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Re: GC and stack marking

From: Eli Zaretskii
Subject: Re: GC and stack marking
Date: Wed, 21 May 2014 05:51:45 +0300

> From: Stefan Monnier <address@hidden>
> Cc: Daniel Colascione <address@hidden>,  address@hidden,  address@hidden
> Date: Tue, 20 May 2014 18:03:51 -0400
> > It's not a bug in GC.  The memory management scheme that Fabrice wrote
> > does not dump the heap (because doing that is problematic on Windows,
> > and requires addition of a separate section to the executable, which
> > then precludes its stripping, and has also other complexities).
> > Instead, temacs uses a private fixed-address heap that is located in a
> > static array, and whose memory is allocated by a replacement malloc
> > function.  So any address that points to memory allocated not in that
> > array, but in the real heap provided by malloc from libc, cannot be
> > safely dumped, because in the dumped Emacs it will point to some
> > random location.
> OK, so why is the hash table allocated elsewhere then the other objects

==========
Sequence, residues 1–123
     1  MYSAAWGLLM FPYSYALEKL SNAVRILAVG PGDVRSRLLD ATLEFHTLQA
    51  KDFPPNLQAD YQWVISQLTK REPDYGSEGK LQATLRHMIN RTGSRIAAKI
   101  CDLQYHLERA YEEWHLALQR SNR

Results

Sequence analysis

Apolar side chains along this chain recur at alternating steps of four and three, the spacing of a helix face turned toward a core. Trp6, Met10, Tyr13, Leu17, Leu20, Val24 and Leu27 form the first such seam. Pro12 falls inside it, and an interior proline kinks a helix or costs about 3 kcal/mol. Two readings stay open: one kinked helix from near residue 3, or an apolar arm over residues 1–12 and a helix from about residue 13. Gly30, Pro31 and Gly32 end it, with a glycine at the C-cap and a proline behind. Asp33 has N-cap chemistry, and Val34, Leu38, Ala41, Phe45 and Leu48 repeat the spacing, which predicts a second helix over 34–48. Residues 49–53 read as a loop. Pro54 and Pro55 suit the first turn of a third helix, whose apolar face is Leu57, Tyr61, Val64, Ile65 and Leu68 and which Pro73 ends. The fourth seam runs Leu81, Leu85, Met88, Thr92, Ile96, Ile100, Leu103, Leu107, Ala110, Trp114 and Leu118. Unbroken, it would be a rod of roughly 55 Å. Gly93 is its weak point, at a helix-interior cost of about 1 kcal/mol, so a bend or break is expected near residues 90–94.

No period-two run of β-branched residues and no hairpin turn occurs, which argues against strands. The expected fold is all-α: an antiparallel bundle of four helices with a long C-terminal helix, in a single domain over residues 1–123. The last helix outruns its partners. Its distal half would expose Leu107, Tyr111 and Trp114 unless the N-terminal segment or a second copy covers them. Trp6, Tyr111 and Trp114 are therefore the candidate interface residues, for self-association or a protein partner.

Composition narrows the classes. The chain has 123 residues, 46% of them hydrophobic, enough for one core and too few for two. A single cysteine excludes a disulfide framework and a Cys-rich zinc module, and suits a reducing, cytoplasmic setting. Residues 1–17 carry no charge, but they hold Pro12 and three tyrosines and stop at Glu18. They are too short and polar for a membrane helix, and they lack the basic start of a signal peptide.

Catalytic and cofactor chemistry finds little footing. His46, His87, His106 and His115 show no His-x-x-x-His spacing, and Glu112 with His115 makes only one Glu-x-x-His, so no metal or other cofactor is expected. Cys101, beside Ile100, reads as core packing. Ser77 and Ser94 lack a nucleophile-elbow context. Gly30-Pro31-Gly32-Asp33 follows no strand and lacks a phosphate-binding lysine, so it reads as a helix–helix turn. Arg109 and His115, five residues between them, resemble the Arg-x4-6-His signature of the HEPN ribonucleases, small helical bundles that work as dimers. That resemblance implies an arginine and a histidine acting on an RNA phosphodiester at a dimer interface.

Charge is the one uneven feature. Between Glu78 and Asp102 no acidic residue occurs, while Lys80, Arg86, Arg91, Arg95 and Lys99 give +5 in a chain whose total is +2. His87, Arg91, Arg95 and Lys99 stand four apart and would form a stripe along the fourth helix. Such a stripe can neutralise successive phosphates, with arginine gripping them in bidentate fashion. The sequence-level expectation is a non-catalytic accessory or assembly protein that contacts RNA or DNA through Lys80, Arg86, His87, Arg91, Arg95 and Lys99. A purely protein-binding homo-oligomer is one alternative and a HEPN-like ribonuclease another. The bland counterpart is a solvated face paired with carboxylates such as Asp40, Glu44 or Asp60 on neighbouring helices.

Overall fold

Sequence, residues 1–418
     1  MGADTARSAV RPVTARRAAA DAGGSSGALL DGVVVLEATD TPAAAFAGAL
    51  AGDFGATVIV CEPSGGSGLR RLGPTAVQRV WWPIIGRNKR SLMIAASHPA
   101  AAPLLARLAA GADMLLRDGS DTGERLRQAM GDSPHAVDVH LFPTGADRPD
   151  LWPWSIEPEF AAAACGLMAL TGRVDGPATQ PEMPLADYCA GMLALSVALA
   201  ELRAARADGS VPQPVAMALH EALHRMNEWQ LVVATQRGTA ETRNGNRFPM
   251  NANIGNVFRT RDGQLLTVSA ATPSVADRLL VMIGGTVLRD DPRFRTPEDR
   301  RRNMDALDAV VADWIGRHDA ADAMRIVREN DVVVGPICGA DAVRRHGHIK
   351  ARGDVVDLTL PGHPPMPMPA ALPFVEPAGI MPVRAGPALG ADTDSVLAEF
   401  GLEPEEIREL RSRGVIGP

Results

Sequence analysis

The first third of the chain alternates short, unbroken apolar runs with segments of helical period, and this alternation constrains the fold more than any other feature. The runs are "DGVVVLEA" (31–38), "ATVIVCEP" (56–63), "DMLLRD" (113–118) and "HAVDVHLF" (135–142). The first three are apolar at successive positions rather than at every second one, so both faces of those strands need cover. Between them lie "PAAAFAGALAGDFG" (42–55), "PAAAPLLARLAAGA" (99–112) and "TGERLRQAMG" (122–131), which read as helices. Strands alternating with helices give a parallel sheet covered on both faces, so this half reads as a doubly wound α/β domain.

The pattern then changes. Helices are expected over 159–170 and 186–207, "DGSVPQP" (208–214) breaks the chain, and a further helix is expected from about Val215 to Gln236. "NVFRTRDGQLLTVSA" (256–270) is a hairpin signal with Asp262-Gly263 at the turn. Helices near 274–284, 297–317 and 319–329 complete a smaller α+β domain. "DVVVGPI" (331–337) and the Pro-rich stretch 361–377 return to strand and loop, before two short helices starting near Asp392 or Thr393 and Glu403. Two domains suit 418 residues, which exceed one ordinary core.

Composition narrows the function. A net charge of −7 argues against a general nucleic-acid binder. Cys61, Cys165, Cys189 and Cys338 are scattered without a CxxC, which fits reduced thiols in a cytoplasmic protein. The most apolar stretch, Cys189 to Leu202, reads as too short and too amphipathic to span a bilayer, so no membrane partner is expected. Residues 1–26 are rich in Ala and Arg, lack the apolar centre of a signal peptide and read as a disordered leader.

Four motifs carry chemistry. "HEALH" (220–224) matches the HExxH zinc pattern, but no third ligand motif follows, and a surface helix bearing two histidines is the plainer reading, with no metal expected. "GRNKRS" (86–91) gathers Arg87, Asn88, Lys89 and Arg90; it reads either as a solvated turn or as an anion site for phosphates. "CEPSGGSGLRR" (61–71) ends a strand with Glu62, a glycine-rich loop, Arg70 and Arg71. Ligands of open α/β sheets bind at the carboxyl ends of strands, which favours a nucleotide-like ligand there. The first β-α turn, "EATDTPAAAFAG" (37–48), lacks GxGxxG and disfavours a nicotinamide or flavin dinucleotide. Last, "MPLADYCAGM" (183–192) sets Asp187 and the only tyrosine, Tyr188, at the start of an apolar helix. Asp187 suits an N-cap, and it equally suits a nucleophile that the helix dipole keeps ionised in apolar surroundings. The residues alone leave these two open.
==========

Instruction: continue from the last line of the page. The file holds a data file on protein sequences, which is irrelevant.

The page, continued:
> (I understand why one might want to do that, but the question is about
> what is different in the code in the case of this purify-flag hash-table
> compared to other vectors/hashtables allocated during the dump).

Because fixed-address heaps on Windows are limited to allocations
whose size is at most 0x7f000, and one of the vectors allocated for a
70K hash-table is larger than that.

> Is it just based on size?  I.e. would the same problem show up if some
> large vector were to be allocated (and not freed) before dumping?

Yes.  And not just large vectors, any large object (e.g., string).
And that's what scared me, because I can always find a solution for
the case I know of, but how to make this reliable in the face of
future changes in Emacs?

Anyway, it looks like Fabrice found a way to work around the above
limitation, so I guess this issue is no longer such a big problem.

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